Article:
Nestle, the world's largest packaged food company, lowered its full-year outlook on Friday, as a Maggi noodle recall in India knocked sales and undercalculated U.S. Skin Health rebates weighed on the Swiss company's profits.
"I am an ambitious man so I am disappointed, because the one-off (costs), because they are high, they overshadow good things, fundamental structural good things," CEO Paul Bulcke told CNBC from Nestle's headquarters in Vevey, Switzerland on Friday.
Sales dropped 2.1 percent to 64.9 billion Swiss francs ($68 billion) in the nine months through September, missing analysts' average forecast of 65.9 billion in a Reuters poll.
Organic or underlying growth, adjusted for currency swings, acquisitions and divestitures, slowed to 4.2 percent in the period from 4.5 percent in the first half, sliding further behind its 5 percent target for 2015.
The company cut its 2015 outlook to around 4.5 percent, below its long-term model calling for 5 to 6 percent growth.
"The shortfall comes from pricing, as Nestle does not seem to have been able to pursue its pricing actions as hoped, and more importantly the issue seems to be again the Asia, Oceania, Australia region, with sales down in the third quarter," Barclays analysts wrote in a note.
Bulcke said that Nestle had performed well in the first half of the year, but taken a hit in the third quarter due to the recall of Maggi noodles in India and a rebate adjustment in Nestle Skin Health.
Nestle India stopped selling Maggi after an Indian government laboratory said it had detected overly high levels of lead in a sample.
Although the Bombay High Court overturned the government's ban on the noodles, the court ruled that Nestle must conduct fresh tests before sales could recommence. Nestle hopes to have Maggi back on the market by the end of the year.
Regarding the recall, Bulcke told CNBC: "We have been cleaned again, we always said the product was safe. But that has had a major impact… I expected to be back sooner. But it is deeper and you have to work with the authorities and get it back on the shelf, that's what we do now."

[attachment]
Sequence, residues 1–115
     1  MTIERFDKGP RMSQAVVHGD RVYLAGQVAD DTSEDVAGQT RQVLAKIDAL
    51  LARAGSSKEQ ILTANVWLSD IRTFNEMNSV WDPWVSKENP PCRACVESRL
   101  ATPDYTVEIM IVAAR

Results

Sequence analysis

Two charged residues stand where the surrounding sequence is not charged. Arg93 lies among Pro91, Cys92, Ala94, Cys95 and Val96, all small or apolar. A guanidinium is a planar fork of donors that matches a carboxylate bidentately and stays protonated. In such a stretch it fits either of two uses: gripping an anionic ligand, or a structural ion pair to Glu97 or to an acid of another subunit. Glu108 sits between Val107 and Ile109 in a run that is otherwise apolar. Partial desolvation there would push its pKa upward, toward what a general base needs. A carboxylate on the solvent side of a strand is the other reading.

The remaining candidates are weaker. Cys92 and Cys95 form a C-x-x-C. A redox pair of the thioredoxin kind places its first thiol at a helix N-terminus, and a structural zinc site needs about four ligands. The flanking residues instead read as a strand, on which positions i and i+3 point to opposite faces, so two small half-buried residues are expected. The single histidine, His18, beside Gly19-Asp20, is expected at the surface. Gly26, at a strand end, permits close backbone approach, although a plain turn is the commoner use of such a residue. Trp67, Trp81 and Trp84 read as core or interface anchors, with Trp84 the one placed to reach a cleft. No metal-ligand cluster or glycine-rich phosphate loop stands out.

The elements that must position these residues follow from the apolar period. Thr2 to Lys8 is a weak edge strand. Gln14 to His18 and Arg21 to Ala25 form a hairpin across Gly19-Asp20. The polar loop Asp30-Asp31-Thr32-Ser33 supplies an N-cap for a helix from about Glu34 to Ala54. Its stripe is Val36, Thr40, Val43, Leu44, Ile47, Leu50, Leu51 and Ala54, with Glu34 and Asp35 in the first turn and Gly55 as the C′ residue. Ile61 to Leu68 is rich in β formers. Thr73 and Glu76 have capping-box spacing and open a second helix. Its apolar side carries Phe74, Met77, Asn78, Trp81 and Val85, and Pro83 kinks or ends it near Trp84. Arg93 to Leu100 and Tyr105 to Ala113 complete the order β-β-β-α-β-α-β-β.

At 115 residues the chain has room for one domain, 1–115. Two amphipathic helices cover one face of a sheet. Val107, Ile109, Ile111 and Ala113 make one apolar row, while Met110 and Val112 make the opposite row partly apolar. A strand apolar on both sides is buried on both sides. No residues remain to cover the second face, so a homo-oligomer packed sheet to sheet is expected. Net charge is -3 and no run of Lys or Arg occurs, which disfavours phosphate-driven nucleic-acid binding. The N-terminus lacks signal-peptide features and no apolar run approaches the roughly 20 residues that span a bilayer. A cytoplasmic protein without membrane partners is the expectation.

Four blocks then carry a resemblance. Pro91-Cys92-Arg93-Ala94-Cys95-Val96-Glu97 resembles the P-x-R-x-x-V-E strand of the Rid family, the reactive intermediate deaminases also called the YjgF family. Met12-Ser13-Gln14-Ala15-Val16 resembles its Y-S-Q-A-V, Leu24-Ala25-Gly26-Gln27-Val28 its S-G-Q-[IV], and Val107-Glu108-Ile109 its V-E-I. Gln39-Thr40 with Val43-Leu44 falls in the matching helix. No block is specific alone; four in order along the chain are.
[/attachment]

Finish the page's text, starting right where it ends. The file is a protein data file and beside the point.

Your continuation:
In the United States, frozen food sales began improving after a revamp of Nestle's Lean Cuisine brand, but this contrasted with lagging sales in China, which showed a slower sales recovery, Bulcke said. India's Maggi noodle recall continued to have a significant impact on growth in the South Asia Region, Nestle said.
"I am confident and optimistic for China, but we should not be spoiled by double digits (in terms growth) always," Bulcke told CNBC.
"I do believe we have the fundamental structural strength of our portfolios there. Our brands are there, we have a good innovation pipeline for us to really make it work."
In its Skin Health division, Nestle's U.S. prescription drug rebates exceeded what it had set aside for this purpose, resulting in an additional one-off charge in the third quarter.
Despite prospects that Europe's hot summer would have consumers grabbing ice cream out of freezers, sales at the group's milk products and ice cream unit fell 350 million francs year-on-year to 11 billion. Water, however, achieved 7.1 organic growth through September, second only to confectionery at 7.8 percent.
"Europe is continuing to go very well. Our water business, health side, North America, is coming back strongly with the frozen (food). You saw also Latin America," Bulcke told CNBC.
Nestle earlier this month confirmed it was in advanced talks to merge its international ice cream business with R&R Ice Cream, in its latest effort to refocus on other, higher-performing brands and advance its goal of becoming a "nutrition, health and wellness" company.
Unilever, the global number one in ice cream, on Thursday posted third-quarter underlying sales up 5.7 percent, thanks in part to a strong summer. But the Anglo-Dutch group said it expected sluggish global markets to keep weighing on performance.
Nestle stock trades at around 21.4 times 12-month forward earnings, above Danone and Unilever, according to StarMine, which weights analysts' estimates by their track record.
Following Nestle's results, RBC Capital Markets reiterated its "outperform" recommendation on Nestle stock.
"This has not been a good quarter for Nestle, but we continue to believe it's in a good place as far as market growth and the opportunities for improving ROIC (Return on Invested Capital)," James Edwardes Jones, analyst at RBC Capital Markets, said in a note.